One thing I have noticed about discipleship is that we have a tendency to think about it assembly line style. We want to run everyone through the same program, have everyone take the same class or read the same book, treat everyone the same.

But if you have raised kids– or even been around kids much– you know that’s an exercise in futility. Does every child need exactly the same thing? No. Some need lots of support and encouragement. Others have a strong drive for independence– “I can do it myself!” They each have different learning styles, different personalities, different preferences. Why should disciples be any different?

There’s an incredible diversity among people that extends beyond race and culture. There’s a diversity in how people learn, in how they grow, in what’s helpful to them. There are differences in their present life circumstances and their past experiences.

Yet we’re called to make disciples of all of these people, to teach them to obey all that God has commanded. Some need a huge challenge so they will engage. Others need baby steps so they can move forward. Some want to take big risks. Others want to proceed slow and steady. Give the wrong person the wrong kind of challenge and see how well that works.

To navigate all of these differences effectively, we need a process that can be customized to the uniqueness of each person. What’s God doing in their life? What’s going to be most helpful to them to think through the big picture? What are the next specific steps God’s asking them to take? We need something that will help each individual see both the broader scope of what God has for them and the next steps they need to take to get there. And that will look different for each person.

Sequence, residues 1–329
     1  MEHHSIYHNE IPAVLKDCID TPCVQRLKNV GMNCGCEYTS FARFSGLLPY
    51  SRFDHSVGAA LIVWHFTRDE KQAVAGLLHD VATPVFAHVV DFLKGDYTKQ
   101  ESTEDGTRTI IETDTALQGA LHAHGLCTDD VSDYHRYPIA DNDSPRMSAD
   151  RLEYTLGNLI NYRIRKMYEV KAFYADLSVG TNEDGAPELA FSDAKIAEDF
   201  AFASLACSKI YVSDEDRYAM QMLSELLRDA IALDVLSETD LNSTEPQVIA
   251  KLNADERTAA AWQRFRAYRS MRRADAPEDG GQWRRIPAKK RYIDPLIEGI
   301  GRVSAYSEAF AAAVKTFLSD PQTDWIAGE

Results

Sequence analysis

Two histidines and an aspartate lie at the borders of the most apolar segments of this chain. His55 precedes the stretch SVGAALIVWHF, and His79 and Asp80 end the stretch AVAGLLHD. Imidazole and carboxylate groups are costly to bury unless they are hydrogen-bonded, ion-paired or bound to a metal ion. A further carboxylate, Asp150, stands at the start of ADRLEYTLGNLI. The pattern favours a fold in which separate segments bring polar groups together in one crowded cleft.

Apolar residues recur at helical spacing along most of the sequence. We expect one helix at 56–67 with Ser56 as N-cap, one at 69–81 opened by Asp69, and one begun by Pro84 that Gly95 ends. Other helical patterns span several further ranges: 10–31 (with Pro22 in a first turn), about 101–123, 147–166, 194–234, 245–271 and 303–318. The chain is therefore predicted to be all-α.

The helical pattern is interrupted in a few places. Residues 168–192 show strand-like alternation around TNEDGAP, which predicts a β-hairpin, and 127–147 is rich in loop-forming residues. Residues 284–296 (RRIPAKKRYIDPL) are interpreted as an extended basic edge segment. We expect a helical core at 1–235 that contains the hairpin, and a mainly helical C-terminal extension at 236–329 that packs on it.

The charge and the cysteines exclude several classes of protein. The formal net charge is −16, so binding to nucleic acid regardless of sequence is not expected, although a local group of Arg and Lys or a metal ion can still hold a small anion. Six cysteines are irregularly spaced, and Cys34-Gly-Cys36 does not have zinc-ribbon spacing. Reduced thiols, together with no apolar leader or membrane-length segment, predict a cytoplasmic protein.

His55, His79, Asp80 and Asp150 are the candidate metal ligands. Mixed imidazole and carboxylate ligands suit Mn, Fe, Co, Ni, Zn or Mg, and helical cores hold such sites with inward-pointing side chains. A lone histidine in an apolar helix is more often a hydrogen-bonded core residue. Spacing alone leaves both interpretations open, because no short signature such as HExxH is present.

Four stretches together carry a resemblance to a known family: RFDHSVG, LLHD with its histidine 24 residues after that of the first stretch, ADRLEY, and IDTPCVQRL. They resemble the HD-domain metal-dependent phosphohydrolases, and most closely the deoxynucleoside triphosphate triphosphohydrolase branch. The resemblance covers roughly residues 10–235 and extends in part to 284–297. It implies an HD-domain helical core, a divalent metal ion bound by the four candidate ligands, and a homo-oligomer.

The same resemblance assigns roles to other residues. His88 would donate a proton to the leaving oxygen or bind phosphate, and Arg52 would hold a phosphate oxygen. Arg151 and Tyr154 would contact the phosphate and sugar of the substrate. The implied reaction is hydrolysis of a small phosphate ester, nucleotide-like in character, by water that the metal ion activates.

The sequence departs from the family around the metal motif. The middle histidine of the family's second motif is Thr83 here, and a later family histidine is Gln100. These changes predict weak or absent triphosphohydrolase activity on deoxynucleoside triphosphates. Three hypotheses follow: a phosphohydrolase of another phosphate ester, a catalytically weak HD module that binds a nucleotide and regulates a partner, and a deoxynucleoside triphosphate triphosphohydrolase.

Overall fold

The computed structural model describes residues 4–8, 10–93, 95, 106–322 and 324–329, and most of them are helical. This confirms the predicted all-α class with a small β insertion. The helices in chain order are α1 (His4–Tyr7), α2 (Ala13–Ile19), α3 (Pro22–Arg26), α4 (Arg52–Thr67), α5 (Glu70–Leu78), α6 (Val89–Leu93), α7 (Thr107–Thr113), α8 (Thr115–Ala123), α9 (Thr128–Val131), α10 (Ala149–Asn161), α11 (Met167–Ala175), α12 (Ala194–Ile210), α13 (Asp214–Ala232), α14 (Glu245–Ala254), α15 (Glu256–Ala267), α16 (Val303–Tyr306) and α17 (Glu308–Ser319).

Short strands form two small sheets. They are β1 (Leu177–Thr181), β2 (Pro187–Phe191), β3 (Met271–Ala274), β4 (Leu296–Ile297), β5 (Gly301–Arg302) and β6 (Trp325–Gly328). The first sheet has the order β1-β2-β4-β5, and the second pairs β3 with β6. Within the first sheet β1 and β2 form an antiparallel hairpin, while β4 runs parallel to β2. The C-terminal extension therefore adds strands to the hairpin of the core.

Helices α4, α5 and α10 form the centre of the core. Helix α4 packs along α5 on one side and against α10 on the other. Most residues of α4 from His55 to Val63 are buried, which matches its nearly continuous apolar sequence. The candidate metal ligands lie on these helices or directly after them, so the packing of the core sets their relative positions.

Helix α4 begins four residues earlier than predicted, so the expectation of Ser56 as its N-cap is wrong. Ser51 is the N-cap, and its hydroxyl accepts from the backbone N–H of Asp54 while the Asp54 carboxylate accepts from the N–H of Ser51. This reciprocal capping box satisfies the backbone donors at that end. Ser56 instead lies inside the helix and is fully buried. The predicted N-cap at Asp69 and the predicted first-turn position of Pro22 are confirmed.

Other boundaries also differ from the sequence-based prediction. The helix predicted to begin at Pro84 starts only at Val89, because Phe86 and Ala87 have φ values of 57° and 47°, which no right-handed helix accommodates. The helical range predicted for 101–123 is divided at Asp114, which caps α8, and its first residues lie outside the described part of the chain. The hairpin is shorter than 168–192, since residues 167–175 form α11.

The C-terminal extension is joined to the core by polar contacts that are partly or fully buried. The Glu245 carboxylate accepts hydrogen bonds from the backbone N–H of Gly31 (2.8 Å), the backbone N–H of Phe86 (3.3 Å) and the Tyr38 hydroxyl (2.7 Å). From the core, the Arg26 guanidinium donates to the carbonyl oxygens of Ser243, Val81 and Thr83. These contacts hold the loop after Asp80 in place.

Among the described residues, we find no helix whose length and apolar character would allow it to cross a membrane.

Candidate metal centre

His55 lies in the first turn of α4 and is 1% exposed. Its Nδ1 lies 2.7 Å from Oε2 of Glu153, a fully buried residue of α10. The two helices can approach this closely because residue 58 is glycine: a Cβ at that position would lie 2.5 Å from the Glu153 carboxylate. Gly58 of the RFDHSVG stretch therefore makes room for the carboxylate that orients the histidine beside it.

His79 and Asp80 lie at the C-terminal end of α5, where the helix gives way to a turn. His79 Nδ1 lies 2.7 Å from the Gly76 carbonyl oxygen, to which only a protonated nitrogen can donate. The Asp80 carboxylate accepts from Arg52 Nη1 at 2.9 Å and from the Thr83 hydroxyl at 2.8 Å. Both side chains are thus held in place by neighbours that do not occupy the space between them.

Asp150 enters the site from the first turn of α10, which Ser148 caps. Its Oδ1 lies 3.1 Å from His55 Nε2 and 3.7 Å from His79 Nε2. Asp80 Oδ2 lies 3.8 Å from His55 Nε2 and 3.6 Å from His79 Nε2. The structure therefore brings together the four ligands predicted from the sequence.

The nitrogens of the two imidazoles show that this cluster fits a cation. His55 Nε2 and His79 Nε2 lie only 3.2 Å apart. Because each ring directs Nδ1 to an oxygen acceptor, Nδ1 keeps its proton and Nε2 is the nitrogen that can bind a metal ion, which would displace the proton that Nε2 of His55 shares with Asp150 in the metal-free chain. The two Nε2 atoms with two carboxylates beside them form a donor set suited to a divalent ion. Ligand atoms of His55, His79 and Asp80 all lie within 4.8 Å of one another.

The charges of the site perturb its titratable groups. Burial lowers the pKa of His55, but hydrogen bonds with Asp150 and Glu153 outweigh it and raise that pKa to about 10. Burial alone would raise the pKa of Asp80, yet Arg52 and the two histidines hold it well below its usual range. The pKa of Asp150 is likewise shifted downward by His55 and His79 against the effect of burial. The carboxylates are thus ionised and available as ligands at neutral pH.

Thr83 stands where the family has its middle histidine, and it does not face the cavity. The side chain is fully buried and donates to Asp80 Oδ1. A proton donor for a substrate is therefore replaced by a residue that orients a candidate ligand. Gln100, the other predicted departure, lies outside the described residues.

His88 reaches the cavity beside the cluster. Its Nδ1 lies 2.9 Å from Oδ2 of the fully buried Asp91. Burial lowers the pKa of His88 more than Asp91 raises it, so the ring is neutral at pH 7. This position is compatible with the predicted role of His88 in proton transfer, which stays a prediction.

IndividualizingSo that does that mean for us as we seek to disciple people?

  • First it means that we can’t rely on a classroom approach as the main venue for discipleship. Rather, we need to rely on personal conversations. We need to sit down with an individual and ask them questions… questions about what they want, what they are hearing from God, what has worked well for them in the past, what has not. As we come alongside the person and get to know them, we can then effectively individualize our approach to fit their uniqueness.
  • Second it means we can’t strictly follow a curriculum that goes through topics in a certain order. What if one person really needs to drill down into her spiritual gifts and ways to serve that flow out of those… but that’s not until chapter 10? She needs to be able to start with chapter 10 because that’s what God is calling her to address next, and it’s likely the key to unlocking chapters 1, 2, and 3 for her.
  • Third it means that we cannot take ultimate responsibility for someone else’s walk of discipleship. We can come alongside a person, get to know him, listen and ask questions, try to help him discern what God may be doing in his life. But the person himself is responsible for his own development and spiritual journey.

We need to take a different approach to discipleship, treating different people differently and individualizing our approach to fit the uniqueness of each person. What works for one doesn’t necessarily work for another.

Consider: Who has God put in your life that you can help develop? What would they respond well to? What would be difficult for them? What is their learning style?

Purchase our latest book: “The Discipleship Difference: Making Disciples While Growing As Disciples”

The Discipleship Difference: Making Disciples While Growing As Disciples

The Discipleship Difference lays out an intentional, holistic, and relational approach to discipleship that is individualized to meet each person wherever they are.

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